p53 dysfunction precedes the activation of nuclear factor-κB during disease progression in mice expressing Tax, a human T-cell leukemia virus type 1 oncoprotein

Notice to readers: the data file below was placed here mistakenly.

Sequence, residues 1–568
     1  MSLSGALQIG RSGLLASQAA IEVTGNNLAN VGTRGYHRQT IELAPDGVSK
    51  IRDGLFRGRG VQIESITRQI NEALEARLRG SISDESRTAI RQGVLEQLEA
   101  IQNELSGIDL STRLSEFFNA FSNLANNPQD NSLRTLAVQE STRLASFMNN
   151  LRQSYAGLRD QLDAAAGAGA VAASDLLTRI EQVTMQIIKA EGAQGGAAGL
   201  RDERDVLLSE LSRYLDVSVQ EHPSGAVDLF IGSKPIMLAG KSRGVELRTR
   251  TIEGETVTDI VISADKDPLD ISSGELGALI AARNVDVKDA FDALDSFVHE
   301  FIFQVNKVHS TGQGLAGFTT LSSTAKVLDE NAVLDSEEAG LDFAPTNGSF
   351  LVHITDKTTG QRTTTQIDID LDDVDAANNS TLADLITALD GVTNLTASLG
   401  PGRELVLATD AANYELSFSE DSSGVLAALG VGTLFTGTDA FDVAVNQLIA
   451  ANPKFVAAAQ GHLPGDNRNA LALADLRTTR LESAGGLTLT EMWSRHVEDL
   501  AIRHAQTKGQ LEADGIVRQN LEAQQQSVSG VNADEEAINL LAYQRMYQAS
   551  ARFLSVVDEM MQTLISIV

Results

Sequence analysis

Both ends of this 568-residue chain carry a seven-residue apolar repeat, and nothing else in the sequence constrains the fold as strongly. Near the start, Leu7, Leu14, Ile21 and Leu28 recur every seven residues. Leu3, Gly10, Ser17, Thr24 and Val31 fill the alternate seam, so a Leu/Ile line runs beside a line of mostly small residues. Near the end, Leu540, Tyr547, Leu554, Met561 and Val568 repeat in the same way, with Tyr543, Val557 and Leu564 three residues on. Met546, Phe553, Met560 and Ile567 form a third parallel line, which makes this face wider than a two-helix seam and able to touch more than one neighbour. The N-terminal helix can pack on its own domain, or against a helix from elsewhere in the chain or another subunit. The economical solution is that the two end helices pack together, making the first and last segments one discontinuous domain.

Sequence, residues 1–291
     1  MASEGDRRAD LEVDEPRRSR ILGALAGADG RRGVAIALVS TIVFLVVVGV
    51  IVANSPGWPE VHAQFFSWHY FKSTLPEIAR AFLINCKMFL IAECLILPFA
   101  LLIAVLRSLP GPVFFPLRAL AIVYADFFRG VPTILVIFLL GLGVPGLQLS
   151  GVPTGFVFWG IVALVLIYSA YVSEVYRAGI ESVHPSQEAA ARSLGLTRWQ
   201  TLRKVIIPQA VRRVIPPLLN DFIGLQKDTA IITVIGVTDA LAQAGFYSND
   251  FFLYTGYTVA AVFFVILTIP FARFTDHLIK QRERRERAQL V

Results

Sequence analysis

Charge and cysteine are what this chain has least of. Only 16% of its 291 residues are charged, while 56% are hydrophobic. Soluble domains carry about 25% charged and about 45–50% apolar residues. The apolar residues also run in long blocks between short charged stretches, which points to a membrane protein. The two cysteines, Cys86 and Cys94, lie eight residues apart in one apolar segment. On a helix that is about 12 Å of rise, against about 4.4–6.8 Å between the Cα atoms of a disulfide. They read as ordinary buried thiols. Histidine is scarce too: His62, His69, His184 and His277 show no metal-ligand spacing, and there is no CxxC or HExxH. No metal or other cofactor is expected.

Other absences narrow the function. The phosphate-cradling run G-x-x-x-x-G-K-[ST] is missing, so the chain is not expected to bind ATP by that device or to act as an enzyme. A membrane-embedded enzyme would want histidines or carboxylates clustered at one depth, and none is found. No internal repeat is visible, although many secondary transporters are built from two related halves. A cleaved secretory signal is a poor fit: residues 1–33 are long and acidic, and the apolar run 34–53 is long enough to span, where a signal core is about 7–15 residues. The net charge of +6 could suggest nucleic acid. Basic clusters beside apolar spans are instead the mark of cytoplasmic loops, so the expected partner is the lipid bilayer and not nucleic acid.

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Transgenic (Tg) mice expressing Tax, a human T-cell leukemia virus type 1 (HTLV-1) oncoprotein, develop mature T-cell leukemia/lymphoma. The leukemic cells in Tg mice expressing Tax show p53 dysfunction and nuclear factor-κB (NF-κB) activation, similar to that seen in adult T-cell leukemia/lymphoma (ATLL) cells from patients infected with HTLV-1. However, it is unclear when these effects occur in HTLV-1 carriers during the development of ATLL. Here, we examined p53 function and NF-κB activity before the onset of leukemia in Tax-expressing Tg (Tax-Tg) mice between 4 and 25 months of age. At 4–10 months of age, 71% of mice showed p53 inactivation, without evidence for NF-κB activation, even though tax expression was consistent from 4 to 25 months of age. The decline in p53 function resulted from decreased p53 accumulation after DNA damage. From 11 months of age onward, 75% of mice showed p53 dysfunction and 37.5% showed constitutive NF-κB activation with the components of p50 and RelB. An NF-κB inhibitor, dehydroxymethylepoxyquinomicin (DHMEQ), reduced NF-κB activity (i.e. p50/RelB) but did not restore p53 function. In vivo, treatment with DHMEQ until 24 months of age prevented the onset of T-cell leukemia in Tax-Tg mice. These results suggest that the Tax-induced decline in p53 function, which is independent of NF-κB activation in the early stage, might be the first stage in the onset of ATLL. NF-κB activity is involved in the later stages of ATLL onset.

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